Arthur E. Waite - The Pictorial Key to the Tarot :
An erect and princely figure carrying a drawn sword and corresponding, broadly speaking, to the traditional description which I have given in the first part. On the shoulders of the victorious hero are supposed to be the Urim and Thummim.
He has led captivity captive; he is conquest on all planes - in the mind, in science, in progress, in certain trials of initiation. He has thus replied to the sphinx, and it is on this account that I have accepted the variation of Eliphas Levi; two sphinxes thus draw his chariot. He is above all things triumph in the mind.
It is to be understood for this reason:
(a) that the question of the sphinx is concerned with a Mystery of Nature and not of the world of Grace, to which the charioteer could offer no answer;
(b) that the planes of his conquest are manifest or external and not within himself;
(c) that the liberation which he effects may leave himself in the bondage of the logical understanding;
(d) that the tests of initiation through which he has passed in triumph are to be understood physically or rationally; and
(e) that if he came to the pillars of that Temple between which the High Priestess is seated, he could not open the scroll called Tora, nor if she questioned him could he answer.
He is not hereditary royalty and he is not priesthood.
P. D. Ouspensky – The Symbolism Of The Таrot :
I saw a chariot drawn by two sphinxes, one white, the other black. Four pillars supported a blue canopy, on which were scattered five-pointed stars. The Conqueror, clad in steel armour, stood under this canopy guiding the sphinxes. He held a sceptre, on the end of which were a globe, a triangle and a square. A golden pentagram sparkled in his crown. On the front of the chariot there was represented a winged sphere and beneath that the symbol of the mystical lingam, signifying the union of two principles.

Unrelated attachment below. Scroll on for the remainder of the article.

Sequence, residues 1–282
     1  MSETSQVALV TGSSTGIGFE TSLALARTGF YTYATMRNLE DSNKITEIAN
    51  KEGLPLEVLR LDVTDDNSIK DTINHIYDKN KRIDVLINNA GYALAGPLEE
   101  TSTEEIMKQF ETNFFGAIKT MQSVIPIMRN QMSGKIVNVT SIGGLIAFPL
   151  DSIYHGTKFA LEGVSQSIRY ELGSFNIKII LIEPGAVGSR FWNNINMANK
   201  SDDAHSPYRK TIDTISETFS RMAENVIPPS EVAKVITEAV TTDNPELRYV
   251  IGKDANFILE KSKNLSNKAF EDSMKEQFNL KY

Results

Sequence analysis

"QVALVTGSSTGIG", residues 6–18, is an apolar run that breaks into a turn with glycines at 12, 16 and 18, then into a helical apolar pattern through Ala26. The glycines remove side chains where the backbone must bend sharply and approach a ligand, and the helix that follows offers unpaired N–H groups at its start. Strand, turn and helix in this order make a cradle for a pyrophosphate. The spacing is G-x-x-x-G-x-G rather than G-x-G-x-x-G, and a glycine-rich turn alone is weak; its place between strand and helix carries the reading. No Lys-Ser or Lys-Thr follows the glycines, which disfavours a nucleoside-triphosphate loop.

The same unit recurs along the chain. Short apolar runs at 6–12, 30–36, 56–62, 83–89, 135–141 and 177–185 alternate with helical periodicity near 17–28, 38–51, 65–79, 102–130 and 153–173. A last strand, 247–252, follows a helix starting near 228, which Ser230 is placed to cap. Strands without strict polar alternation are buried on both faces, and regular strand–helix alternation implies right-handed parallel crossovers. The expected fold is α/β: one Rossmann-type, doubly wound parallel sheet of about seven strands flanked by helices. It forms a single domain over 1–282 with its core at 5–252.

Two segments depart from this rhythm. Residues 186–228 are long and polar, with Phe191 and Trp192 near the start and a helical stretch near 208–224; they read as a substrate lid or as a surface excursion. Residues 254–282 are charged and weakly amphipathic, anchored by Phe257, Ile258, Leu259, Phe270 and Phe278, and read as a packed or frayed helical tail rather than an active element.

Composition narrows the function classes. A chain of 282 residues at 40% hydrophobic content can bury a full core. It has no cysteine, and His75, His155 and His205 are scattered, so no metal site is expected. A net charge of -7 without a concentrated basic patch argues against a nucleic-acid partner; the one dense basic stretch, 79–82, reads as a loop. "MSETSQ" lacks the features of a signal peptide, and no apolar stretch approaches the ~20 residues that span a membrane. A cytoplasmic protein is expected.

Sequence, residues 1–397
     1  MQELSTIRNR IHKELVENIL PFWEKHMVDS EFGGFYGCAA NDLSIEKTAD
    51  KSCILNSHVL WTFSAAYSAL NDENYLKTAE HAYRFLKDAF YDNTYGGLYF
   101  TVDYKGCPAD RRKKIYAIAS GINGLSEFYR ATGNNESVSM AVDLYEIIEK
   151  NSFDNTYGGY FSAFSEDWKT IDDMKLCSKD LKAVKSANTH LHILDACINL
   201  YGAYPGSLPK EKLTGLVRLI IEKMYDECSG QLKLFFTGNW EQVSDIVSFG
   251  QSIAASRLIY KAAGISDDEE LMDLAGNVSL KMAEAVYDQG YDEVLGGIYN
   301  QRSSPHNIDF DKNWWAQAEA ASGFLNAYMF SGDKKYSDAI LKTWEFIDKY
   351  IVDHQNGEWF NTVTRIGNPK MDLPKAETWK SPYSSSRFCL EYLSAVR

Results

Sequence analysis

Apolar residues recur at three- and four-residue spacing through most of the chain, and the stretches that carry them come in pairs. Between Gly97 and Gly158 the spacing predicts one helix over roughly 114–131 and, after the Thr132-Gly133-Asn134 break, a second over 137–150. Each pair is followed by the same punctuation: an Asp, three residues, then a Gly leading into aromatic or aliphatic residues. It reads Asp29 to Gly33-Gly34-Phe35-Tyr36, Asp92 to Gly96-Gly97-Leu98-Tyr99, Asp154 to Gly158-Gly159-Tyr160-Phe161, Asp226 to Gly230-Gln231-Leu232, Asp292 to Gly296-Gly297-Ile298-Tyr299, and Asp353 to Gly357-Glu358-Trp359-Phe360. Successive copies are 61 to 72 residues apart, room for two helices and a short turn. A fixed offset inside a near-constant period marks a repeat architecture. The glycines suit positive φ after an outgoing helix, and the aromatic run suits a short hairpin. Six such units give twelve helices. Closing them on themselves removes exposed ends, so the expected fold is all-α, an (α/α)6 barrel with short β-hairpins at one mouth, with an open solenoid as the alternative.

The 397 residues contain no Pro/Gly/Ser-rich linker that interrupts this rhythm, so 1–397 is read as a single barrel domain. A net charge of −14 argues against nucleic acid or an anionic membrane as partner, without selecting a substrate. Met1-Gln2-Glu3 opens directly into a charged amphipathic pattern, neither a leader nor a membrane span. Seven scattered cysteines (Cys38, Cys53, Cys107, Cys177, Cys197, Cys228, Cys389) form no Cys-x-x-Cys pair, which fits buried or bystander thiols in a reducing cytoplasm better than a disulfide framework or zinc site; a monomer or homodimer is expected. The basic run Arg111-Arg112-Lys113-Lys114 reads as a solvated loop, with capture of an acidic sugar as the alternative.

"Everything in this picture has a significance. Look and try to understand", said the voice.
"This is Will armed with Knowledge. We see here, however, the wish to achieve, rather than achievement itself. The man in the chariot thought himself a conqueror before he had really conquered, and he believes that victory must come to the conqueror. There are true possibilities in this beautiful conception, but also many false ones. Illusory fires and numerous dangers are hidden here.
He controls the sphinxes by the power of a magic word, but the tension of his Will may fail and then the magic word will lose its power and he may be devoured by the sphinxes.
This is indeed the Conqueror, but only for the moment; he has not yet conquered Time, and the succeeding moment is unknown to him.
This is the Conqueror, not by love, but by fire and the sword,--a conqueror against whom the conquered may arise. Do you see behind him the towers of the conquered city? Perhaps the flame of uprising burns already there.
And he is unaware that the city vanquished by means of fire and the sword is the city within his own consciousness, that the magic chariot is in himself and that the blood-thirsty sphynxes, also a state of consciousness within, watch his every movement. He has externalized all these phases of his mind and sees them only outside himself. This is his fundamental error. He entered the outer court of the Temple of knowledge, but thinks he has been in the Temple itself. He regarded the rituals of the first tests as initiation, and he mistook for the goddess, the priestess who guarded the threshold. Because of this misconception great perils await him.
Nevertheless it may be that even in his errors and perils the Great Conception lies concealed. He seeks to know and, perhaps, in order to attain, mistakes, dangers and even failures are necessary.
Understand that this is the same man whom you saw uniting Heaven and Earth, and again walking across a hot desert to a precipice.